Michigan Republicans are calling for an investigation into Governor Gretchen Whitmer’s policy that forced long-term care facilities to accept coronavirus-positive patients.
In letters to Michigan Attorney General Dana Nessel and acting U.S. Attorney General Monty Wilkinson last week, state Senator Jim Runestad claims that there is “no accurate data on how many residents may have been harmed by this policy” due to “reporting failures.”
“Gov. Whitmer’s administration has been questioned repeatedly about unintended consequences of her policies and discrepancies in the reported numbers of cases and deaths in our state’s long-term care facilities,” Runestad writes in the letters obtained by National Review. “It has now come to our attention that these reporting errors have likely not been resolved.”
He adds that “questions remain regarding the accuracy of data, compliance with CDC guidelines and compliance with our state’s Freedom of Information Act. There is a critical need for a full investigation into these matters.”
Runestad writes that there has been no clear reporting path to document nursing home patient cases by facility after a transfer takes place.
“Moving residents around the state between facilities and hospitals may have significantly increased exposure of nursing home residents to the virus, while simultaneously shielding the toll.”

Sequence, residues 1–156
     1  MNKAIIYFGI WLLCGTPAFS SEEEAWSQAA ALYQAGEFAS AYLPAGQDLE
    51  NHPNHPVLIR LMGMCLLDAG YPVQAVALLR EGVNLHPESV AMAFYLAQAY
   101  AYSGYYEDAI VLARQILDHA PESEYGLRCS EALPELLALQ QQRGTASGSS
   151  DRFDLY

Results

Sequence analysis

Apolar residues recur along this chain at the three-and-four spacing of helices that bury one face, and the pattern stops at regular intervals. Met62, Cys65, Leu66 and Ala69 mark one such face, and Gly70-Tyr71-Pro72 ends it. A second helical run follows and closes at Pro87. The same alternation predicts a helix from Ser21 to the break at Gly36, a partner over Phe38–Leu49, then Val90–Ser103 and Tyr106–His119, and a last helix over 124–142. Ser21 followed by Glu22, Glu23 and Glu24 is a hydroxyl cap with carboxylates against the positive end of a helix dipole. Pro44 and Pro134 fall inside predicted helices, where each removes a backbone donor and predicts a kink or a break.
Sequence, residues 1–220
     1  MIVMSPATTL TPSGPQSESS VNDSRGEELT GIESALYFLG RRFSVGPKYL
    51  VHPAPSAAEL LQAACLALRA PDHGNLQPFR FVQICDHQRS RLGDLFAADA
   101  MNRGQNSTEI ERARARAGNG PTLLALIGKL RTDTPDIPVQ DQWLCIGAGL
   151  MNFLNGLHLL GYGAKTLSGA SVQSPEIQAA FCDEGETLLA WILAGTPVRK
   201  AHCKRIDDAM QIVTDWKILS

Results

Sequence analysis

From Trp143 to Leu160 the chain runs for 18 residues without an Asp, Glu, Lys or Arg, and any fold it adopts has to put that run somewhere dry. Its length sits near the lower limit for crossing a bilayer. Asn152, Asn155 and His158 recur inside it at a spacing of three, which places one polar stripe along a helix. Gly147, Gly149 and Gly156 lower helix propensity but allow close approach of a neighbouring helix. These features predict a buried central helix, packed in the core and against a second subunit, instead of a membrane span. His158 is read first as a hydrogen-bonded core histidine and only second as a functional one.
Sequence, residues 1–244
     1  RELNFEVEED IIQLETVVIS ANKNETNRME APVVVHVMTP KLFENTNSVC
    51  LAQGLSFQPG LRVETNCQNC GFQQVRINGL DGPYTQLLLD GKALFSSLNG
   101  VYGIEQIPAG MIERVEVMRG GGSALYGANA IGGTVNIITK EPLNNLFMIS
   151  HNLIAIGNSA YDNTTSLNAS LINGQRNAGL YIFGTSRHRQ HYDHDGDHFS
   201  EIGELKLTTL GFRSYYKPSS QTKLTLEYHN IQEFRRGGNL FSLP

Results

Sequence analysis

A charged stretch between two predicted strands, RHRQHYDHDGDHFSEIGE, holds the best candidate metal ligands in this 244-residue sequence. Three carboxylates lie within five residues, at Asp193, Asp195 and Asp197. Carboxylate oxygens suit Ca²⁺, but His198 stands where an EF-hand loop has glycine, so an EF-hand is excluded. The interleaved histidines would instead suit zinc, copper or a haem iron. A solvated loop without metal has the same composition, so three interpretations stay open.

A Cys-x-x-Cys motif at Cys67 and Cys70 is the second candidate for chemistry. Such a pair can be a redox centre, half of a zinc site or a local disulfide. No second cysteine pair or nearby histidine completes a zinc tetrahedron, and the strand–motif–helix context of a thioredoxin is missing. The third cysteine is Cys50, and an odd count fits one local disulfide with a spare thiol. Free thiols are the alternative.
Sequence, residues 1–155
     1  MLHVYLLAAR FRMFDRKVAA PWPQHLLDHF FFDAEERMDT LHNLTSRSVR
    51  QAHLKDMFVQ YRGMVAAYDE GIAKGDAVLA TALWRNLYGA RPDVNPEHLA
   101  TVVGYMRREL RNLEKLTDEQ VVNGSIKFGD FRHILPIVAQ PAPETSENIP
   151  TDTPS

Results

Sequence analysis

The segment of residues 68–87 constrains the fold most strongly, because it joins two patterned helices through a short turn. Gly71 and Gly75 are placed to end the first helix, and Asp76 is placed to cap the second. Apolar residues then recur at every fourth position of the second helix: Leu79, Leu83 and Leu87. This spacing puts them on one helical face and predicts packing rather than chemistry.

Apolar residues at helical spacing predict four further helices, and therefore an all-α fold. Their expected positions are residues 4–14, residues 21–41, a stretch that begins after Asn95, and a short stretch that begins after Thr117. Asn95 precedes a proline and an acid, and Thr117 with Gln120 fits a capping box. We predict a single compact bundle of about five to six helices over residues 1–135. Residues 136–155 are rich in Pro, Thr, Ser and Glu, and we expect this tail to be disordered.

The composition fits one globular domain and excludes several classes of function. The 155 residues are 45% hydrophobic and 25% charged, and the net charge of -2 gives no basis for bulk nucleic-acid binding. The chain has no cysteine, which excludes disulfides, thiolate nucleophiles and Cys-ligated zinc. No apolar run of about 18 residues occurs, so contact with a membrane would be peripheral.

When Runestad and seven other GOP state senators contacted nursing homes in their districts they found discrepancies in how cases were being reported, according to the letter.
While some nursing homes are reporting a positive test in their numbers when a patient is transferred to a hospital and receives a positive test result there, others are not.
“The executive orders have only required long-term care facilities to report when they have a resident who had a positive test at their facility, but not when a patient who was transferred tests positive,” the letter says. “Additionally, there may be similar discrepancies in how these deaths are reported after transfer.”
In Michigan 15,273 people have died of the virus — 5,515 of whom were residents at long-term care facilities. Another 79 were employees at those facilities.
The letter notes that the U.S. Department of Justice announced in August that it is seeking data from Michigan’s governor and three other governors “who issued orders that may have resulted in the deaths of elderly nursing home residents.”
When Michigan House Oversight Committee chairman Steven Johnson held a hearing to investigate, the state health and human services director sent a letter in lieu of in-person testimony.
“Basically what it said was, ‘We are doing everything we have to, we have the greatest data out there, we’re collecting everything like we are supposed to,” Johnson said, according to FOX2 Detroit. “But they didn’t actually share the data with us.”
Ted Goodman, communications director for the Michigan Republican Party, called the Whitmer administration’s “lack of transparency unacceptable,” and said the lockdown orders and nursing home policies “have led to additional suffering that could have been avoided.”
“The people of Michigan deserve a full investigation into these matters,” Goodman told National Review.
The letter comes as New York Governor Andrew Cuomo has faced calls for an investigation into his administration’s coverup of its dismal handling of nursing home coronavirus deaths.
Last month, a top aide to Governor Cuomo admitted that the administration covered up the true data on nursing home deaths from the coronavirus in New York state in order to hide the magnitude of the issue from federal authorities.